We are calling people back in to the East Garfield Park community, to rebuild it, to restore hope. Some of us have relocated from outside the community to join the many warriors who have stayed, who have been faithfully working, hoping and praying for its renewal. Others are returning with a dream. A dream that things can change. That a network of shalom can replace the spiral of despair. That healthy community can be restored, kids can learn, jobs can be created, loving families can support one another in raising healthy happy children. It’s a dream that must not fail. It’s a big dream.
Sunday, July 26, 2009
Sunday, July 19, 2009
What should we do?
As the leader of a large organization that specializes in ministry among the homeless, let me give you my expert opinion: I don’t know!
I think God gives us these dilemmas to cause us to rely on the compassion of Christ he has implanted in our hearts. Coming face to face with someone who asks us for money is an opportunity to be led by the Spirit instead of being driven by need or guilt or obligation or the desire to bolster our own ego as a “generous person.” There is no simple answer.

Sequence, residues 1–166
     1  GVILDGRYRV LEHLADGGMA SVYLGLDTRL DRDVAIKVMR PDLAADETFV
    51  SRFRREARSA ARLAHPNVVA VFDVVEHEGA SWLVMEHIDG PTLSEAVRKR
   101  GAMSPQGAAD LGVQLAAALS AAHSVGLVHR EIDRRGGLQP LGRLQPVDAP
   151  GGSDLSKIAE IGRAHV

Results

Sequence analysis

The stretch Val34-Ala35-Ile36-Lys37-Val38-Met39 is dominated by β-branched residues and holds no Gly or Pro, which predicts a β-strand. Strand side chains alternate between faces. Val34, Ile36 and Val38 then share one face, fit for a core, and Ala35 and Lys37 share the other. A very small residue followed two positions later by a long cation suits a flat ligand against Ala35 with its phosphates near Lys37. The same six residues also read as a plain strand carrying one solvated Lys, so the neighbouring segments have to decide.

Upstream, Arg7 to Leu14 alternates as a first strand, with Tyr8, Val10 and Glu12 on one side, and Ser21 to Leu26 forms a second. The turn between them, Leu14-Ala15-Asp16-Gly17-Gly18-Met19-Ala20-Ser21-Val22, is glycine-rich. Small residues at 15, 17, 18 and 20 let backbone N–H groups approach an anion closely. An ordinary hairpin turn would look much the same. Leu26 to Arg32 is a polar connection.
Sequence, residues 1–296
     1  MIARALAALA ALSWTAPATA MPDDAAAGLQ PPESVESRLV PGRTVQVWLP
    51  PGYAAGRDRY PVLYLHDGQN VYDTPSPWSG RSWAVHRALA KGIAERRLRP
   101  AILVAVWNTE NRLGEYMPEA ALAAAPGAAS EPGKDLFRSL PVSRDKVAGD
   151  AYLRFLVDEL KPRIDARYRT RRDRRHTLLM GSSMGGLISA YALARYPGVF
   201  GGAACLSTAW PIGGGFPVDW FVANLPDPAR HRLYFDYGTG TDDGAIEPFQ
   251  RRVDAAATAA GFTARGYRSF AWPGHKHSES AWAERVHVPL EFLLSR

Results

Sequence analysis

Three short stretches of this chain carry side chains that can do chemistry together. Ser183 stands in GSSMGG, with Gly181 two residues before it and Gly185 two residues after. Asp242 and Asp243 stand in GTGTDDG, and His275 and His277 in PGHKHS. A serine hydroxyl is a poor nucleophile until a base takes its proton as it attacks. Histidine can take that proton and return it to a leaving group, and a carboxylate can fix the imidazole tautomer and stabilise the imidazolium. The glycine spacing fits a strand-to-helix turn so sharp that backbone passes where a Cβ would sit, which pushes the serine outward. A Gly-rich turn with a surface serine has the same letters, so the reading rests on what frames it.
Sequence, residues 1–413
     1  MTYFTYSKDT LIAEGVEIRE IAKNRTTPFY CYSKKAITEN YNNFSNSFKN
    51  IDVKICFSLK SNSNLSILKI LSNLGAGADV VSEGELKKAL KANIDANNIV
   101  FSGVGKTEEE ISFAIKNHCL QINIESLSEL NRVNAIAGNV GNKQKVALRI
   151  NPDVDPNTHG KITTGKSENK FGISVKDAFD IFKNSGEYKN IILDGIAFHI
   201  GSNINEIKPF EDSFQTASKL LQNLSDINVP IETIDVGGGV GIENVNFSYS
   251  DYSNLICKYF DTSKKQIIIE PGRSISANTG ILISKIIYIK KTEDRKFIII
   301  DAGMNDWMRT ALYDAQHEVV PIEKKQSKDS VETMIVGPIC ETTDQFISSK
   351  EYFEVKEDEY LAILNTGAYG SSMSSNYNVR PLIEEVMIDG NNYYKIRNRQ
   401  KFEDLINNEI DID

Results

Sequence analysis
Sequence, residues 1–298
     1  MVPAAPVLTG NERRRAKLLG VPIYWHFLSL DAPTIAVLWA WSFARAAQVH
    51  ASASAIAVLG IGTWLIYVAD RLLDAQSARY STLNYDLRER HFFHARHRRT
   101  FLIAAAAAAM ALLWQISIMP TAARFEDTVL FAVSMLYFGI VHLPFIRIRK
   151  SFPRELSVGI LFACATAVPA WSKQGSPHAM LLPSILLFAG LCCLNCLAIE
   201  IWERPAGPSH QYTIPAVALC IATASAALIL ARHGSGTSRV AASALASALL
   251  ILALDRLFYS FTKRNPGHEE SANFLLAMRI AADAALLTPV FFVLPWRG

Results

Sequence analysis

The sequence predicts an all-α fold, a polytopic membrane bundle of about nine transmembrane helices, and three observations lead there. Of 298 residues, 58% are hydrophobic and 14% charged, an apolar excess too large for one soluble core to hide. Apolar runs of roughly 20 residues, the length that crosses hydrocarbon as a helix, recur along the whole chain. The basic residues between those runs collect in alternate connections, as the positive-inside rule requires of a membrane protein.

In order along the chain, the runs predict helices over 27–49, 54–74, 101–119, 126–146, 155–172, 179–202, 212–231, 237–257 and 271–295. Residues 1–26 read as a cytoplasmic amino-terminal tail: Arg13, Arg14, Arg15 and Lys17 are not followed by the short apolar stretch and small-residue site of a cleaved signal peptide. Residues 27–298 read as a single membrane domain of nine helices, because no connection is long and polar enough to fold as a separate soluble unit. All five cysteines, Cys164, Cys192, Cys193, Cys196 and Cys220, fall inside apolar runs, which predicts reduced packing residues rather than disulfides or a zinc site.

Jesus said in Luke 6:30 that we are to give to everyone who asks of us. Most of us are hesitant to do that because we are afraid that we will be taken advantage of. Perhaps the recipient of our charity will use our hard earned cash for booze or drugs. Surely giving to someone who would use our money for those purposes would not be in anyone’s best interest, would it? Yet, the directive is clear. We are to give without question and without judgment.
While we don’t want to contribute to someone’s addiction, it is helpful to understand that people who are living on the street usually do not have access to appropriate pain medicine, mental health counseling, or the gentle pacifiers such as chocolate and ice cream that we turn to when we need a lift. Who are we to judge them for how they spend money? I certainly have not always made the best decisions with the money that God sends my way. Yet God keeps giving to me.